BY Travis Bradberry, Ph.D.- posted on LinkedIn- September 08, 2014

This week’s tip for improving your performance is the most simple and straightforward method I’ve provided thus far. For many people, this tip has the potential to have a bigger impact than any other single action. The catch? You have to cut down on caffeine, and as any caffeine drinker can attest, this is easier said than done.

For those who aren’t aware, the ability to manage your emotions and remain calm under pressure has a direct link to your performance. TalentSmart has conducted research with more than a million people, and we’ve found that 90% of top performers are high in emotional intelligence. These individuals are skilled at managing their emotions (even in times of high stress) in order to remain calm and in control.

The Good: Isn’t Really Good

Most people start drinking caffeine because it makes them feel more alert and improves their mood. Many studies suggest that caffeine actually improves cognitive task performance (memory, attention span, etc.) in the short-term. Unfortunately, these studies fail to consider the participants’ caffeine habits. New research from Johns Hopkins Medical School shows that performance increases due to caffeine intake are the result of caffeine drinkers experiencing a short-term reversal of caffeine withdrawal. By controlling for caffeine use in study participants, John Hopkins researchers found that caffeine-related performance improvement is nonexistent without caffeine withdrawal. In essence, coming off caffeine reduces your cognitive performance and has a negative impact on your mood. The only way to get back to normal is to drink caffeine, and when you do drink it, you feel like it’s taking you to new heights. In reality, the caffeine is just taking your performance back to normal for a short period.

The Bad: Adrenaline

Drinking caffeine triggers the release of adrenaline. Adrenaline is the source of the “fight or flight” response, a survival mechanism that forces you to stand up and fight or run for the hills when faced with a threat. The fight-or-flight mechanism sidesteps rational thinking in favor of a faster response. This is great when a bear is chasing you, but not so great when you’re responding to a curt email. When caffeine puts your brain and body into this hyper-aroused state, your emotions overrun your behavior.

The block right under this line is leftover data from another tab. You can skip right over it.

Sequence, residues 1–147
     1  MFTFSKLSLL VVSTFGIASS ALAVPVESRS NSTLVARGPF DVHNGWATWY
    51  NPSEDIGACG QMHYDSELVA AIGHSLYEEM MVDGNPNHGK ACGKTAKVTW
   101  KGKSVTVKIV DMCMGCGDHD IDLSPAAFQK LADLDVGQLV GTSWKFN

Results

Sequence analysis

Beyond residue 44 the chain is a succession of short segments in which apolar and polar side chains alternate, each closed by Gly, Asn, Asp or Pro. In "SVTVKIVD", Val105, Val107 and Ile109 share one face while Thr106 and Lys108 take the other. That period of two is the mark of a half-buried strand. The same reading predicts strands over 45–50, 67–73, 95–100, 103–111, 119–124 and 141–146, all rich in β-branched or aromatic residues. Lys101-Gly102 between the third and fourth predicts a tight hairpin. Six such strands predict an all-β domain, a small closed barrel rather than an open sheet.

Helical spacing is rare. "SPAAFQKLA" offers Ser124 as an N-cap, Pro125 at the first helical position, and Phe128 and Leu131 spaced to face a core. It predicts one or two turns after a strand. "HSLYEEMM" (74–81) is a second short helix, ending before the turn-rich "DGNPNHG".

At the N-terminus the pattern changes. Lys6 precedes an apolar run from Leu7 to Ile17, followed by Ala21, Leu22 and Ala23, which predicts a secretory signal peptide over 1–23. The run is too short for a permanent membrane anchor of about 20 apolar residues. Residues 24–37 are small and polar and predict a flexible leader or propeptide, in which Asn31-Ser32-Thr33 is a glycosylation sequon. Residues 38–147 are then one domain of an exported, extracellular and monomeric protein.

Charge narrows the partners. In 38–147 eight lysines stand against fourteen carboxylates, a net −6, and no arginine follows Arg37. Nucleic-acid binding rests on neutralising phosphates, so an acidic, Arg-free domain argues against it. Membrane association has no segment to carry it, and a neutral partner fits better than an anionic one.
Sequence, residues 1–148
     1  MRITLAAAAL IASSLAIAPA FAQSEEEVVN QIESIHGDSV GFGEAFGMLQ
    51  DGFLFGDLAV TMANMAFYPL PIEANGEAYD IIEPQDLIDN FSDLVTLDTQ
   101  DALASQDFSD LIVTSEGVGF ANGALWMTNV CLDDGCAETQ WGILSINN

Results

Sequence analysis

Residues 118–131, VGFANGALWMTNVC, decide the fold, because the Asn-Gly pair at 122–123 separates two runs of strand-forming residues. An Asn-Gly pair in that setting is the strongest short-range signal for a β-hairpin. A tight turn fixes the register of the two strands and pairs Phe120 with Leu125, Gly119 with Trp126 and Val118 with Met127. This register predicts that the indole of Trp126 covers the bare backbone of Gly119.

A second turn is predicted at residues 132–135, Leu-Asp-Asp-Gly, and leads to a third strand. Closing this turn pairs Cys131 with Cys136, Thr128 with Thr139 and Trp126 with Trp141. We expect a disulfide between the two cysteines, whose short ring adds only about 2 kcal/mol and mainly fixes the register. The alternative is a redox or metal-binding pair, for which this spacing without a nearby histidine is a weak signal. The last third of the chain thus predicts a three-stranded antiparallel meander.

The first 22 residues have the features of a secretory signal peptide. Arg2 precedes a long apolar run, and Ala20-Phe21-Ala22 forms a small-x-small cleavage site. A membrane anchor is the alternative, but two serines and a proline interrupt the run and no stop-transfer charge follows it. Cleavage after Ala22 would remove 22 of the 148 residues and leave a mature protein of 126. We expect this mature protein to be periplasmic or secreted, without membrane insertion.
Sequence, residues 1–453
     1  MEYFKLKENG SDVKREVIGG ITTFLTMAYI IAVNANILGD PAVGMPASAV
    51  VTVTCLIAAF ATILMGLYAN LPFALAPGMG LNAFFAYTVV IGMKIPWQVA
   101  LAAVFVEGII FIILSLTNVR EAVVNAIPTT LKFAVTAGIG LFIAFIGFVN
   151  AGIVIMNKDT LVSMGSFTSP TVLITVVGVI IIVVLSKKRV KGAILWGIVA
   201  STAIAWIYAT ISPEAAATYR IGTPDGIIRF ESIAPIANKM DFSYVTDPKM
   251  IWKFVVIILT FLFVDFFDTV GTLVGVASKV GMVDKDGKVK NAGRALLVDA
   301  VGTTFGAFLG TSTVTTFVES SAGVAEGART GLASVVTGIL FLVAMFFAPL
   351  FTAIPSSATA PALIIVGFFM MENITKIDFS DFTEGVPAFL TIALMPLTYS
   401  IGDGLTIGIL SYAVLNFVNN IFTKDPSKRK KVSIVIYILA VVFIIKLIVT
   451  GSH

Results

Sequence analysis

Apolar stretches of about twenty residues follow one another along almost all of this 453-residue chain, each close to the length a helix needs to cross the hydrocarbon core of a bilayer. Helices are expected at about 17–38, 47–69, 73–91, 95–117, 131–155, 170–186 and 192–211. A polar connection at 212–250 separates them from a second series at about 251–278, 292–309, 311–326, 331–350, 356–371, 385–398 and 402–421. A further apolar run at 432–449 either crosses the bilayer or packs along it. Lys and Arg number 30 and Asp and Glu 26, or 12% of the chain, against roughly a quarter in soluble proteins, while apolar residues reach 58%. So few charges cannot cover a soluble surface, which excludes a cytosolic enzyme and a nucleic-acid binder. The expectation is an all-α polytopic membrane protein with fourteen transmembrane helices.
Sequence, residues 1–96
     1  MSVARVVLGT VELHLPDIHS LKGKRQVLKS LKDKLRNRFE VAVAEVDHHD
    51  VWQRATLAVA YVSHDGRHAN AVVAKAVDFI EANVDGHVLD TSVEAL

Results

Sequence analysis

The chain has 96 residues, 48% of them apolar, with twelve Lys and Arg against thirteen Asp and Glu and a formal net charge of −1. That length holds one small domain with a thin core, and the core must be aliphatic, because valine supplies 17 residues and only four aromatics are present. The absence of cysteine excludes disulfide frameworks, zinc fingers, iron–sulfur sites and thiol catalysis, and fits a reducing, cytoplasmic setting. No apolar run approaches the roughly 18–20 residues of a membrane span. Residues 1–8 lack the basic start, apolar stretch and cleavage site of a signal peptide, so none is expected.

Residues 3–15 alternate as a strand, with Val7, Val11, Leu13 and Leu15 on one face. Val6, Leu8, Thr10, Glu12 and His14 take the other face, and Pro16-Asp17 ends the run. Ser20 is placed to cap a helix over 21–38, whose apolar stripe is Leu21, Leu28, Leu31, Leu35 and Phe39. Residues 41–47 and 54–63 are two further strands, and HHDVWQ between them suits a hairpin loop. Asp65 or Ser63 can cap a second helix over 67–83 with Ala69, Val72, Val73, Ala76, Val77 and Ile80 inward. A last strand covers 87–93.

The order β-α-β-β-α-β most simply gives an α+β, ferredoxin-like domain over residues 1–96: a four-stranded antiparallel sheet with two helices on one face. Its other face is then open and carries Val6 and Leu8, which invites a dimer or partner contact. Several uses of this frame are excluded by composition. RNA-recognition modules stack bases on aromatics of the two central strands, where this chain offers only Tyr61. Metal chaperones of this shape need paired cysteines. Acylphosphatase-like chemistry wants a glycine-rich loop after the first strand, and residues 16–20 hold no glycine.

Irritability and anxiety are the most commonly seen emotional effects of caffeine, but caffeine enables all of your emotions to take charge.

The negative effects of a caffeine-generated adrenaline surge are not just behavioral. Researchers at Carnegie Mellon University found that large doses of caffeine raise blood pressure, stimulate the heart, and produce rapid shallow breathing, which readers of Emotional Intelligence 2.0 know deprives the brain of the oxygen needed to keep your thinking calm and rational.

The Ugly: Sleep

When you sleep, your brain literally recharges, shuffling through the day’s memories and storing or discarding them (which causes dreams), so that you wake up alert and clear-headed. Your self-control, focus, memory, and information processing speed are all reduced when you don’t get enough—or the right kind—of sleep. Your brain is very fickle when it comes to sleep. For you to wake up feeling rested, your brain needs to move through an elaborate series of cycles. You can help this process along and improve the quality of your sleep by reducing your caffeine intake.

Here’s why you’ll want to: caffeine has a six-hour half-life, which means it takes a full twenty-four hours to work its way out of your system. Have a cup of joe at eight a.m., and you’ll still have 25% of the caffeine in your body at eight p.m. Anything you drink after noon will still be at 50% strength at bedtime. Any caffeine in your bloodstream—with the negative effects increasing with the dose—makes it harder to fall asleep.